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UVI Grad Student Testing New Techniques for Coral Restoration

At the Mote Marine Laboratory in the Florida Keys, research biologist Chris Page inspects the health of small Mountainous Star Coral (Orbicella faveolata) fragments grown in a land-based coral nursery system. (Photo by Dan Mele)

As climate change and coral disease ravage reefs in the USVI, Dan Mele, a graduate student working on a master’s thesis in the marine and environmental science program at UVI, is testing a new coral planting method.

Traditionally, planting coral involves taking healthy corals from a reef and breaking them into smaller pieces, Mele said. These smaller pieces, or “fragments,” are grown in a coral nursery till they’ve matured enough to be replanted on a reef.

“It’s a great technique, and it works in most cases. The biggest downside is nurseries are expensive and it’s time-consuming,” Mele said.

According to a nonprofit coral organization, Reef Resilience, there are field-based and land-based nurseries. Field-based, located in the ocean, require divers to periodically check and clean. While typically lower in cost, these field nurseries are vulnerable to environmental extremes. Land-based nurseries, however, are controlled environments protected from environmental extremes, but require more equipment and experienced staff trained in water chemistry and aquarium husbandry.

Mele’s research could develop a more cost-effective coral fragmentation method. It’s called “direct outplanting,” Mele said. Instead of using a nursery to grow coral, Mele and a small team fragment coral on site, and immediately plant them back onto the reef. All this is done out the back of his Jeep Grand Cherokee dubbed, “The Fraggin Wagon.”

University of the Virgin Islands research divers Brad Arrington, Kathryn Cobleigh and Adam Glahn install a coral nursery off Great St. James Island. These tree-like structures will be used for growing various species of coral. (Photo by Dan Mele)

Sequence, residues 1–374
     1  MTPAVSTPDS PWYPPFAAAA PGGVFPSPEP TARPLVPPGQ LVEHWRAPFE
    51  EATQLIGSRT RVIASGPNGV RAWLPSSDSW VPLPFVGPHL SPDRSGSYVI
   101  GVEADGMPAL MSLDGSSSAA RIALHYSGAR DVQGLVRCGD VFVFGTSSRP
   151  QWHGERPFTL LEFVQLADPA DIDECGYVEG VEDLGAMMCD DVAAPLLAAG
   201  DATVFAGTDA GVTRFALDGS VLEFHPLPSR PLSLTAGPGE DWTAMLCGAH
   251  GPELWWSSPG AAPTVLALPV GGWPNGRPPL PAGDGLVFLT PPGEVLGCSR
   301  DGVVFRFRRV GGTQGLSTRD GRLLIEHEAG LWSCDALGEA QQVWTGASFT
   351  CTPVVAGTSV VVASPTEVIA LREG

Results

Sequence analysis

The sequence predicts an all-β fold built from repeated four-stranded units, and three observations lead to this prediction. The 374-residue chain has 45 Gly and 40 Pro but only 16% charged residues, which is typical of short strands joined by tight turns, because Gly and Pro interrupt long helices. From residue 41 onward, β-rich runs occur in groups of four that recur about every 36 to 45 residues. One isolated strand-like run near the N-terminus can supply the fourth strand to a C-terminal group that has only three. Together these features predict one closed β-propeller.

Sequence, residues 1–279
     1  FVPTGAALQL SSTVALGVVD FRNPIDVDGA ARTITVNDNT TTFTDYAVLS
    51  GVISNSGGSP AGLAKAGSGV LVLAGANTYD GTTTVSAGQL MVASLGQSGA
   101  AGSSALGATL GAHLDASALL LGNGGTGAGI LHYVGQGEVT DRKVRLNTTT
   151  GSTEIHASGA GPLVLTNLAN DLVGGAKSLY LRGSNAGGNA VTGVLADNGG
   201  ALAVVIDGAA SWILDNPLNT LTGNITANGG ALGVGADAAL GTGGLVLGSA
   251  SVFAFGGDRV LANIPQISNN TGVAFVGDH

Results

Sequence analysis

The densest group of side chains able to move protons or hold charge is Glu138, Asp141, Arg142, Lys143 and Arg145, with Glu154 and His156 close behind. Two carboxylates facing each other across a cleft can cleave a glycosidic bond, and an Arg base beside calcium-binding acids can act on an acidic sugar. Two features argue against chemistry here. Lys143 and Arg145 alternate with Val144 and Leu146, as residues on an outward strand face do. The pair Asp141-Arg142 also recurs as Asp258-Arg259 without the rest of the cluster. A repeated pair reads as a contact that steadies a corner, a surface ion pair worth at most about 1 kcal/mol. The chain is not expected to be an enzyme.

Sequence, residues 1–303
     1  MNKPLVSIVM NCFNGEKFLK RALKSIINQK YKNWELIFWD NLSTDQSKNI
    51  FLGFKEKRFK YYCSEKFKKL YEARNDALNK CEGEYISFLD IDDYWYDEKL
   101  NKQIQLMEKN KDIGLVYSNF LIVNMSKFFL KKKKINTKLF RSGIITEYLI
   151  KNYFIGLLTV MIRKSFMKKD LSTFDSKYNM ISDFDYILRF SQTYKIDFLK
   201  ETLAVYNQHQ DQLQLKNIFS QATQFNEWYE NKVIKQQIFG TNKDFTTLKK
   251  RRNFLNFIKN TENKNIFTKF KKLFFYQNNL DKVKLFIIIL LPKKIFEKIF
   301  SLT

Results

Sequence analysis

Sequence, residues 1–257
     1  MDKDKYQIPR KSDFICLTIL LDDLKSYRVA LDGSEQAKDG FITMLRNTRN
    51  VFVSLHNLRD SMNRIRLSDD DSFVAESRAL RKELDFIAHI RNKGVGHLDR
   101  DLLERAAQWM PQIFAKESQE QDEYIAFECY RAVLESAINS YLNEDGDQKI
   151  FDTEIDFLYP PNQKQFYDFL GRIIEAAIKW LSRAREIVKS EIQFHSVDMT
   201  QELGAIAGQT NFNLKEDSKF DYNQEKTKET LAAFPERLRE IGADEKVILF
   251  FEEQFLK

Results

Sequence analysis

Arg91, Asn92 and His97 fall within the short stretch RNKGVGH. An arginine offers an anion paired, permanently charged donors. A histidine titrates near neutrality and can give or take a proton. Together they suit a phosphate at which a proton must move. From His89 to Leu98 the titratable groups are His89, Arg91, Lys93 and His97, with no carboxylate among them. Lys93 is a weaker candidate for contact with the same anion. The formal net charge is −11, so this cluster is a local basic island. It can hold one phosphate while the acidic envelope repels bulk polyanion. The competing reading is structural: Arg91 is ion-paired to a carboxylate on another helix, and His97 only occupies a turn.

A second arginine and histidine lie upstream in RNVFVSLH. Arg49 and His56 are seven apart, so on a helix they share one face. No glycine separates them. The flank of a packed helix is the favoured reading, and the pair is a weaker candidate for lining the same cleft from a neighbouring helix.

“The advantages to that is, everything is done in one day, you’re not bringing the corals into a nursery system, and the corals are already adapted to the environment,” Mele said.

According to Mele, it is believed that because direct outplants don’t go through the optimal conditions of a coral nursery they may be more resilient to environmental extremes, a claim that will be tested in the study.

In support of Mele’s master’s thesis, 80 corals have been planted off the shores of St. Thomas using this method, with 160 more to be planted in the next 3 months for a total of 240 corals. Mele’s study comes at a time when “coral disease affects roughly half of the coral species in the USVI,” according to the Virgin Islands Established Program to Stimulate Competitive Research.

In 2019 Mele traveled to Belize to learn the technique from Lisa Carne, director of Fragments of Hope.

“It’s pretty amazing to see what Lisa’s done, but she hasn’t published much of her work, and that’s what we want to do here,” Mele said.

Carne was the first person to do direct outplanting, but outside of Belize the method has found little success.

“We don’t know why it hasn’t been successful elsewhere, it’s believed it could be because of human error in execution,” Mele said.

The lack of scientific literature on coral fragmentation underscores the importance of this kind of research. Once Mele’s study is complete other biologists will be able to compare methodologies to see what’s working, what’s not and possibly pave the way to a standardized technique for direct outplanting.

From far away, it’s difficult to tell that corals are animals. Zooming in closely, the many individual organisms (polyps) are visible that collectively make up a coral colony. (Photo by Dan Mele)

With pathogens such as Stony Coral Tissue Loss Disease obliterating reefs throughout the Florida Keys, and now the Caribbean, restoration with susceptible species is a controversial subject. “It could be adding fuel to the fire, we just don’t know, it could just be putting corals out there to get diseased,” Mele said.

To avoid this, Mele is using elkhorn coral.

“The advantage to working with this species is it’s a really fast grower, and in terms of recent events and as far as we know, it’s not susceptible to Stony Coral Tissue Loss Disease,” Mele said.

Direct outplanting could play a large role in reef rehabilitation, but according to Mele coral restoration comes on many fronts.

“There are times when a nursery is needed over the direct outplanting method. For example, if you are working on a species that has such low populations, you could bring them into the nursery, fragment them, grow them and fragment them again until you have a large number before you start outplanting,” Mele said.

Using Carne’s technique, Mele’s study will be the first to compare the coral health parameters such as the survival and growth rates of nursery-grown coral versus corals directly outplanted.

“If it’s successful here, then we will have good science that tells us direct outplanting is capable outside Belize, and should be tried elsewhere in the Caribbean,” Mele said.

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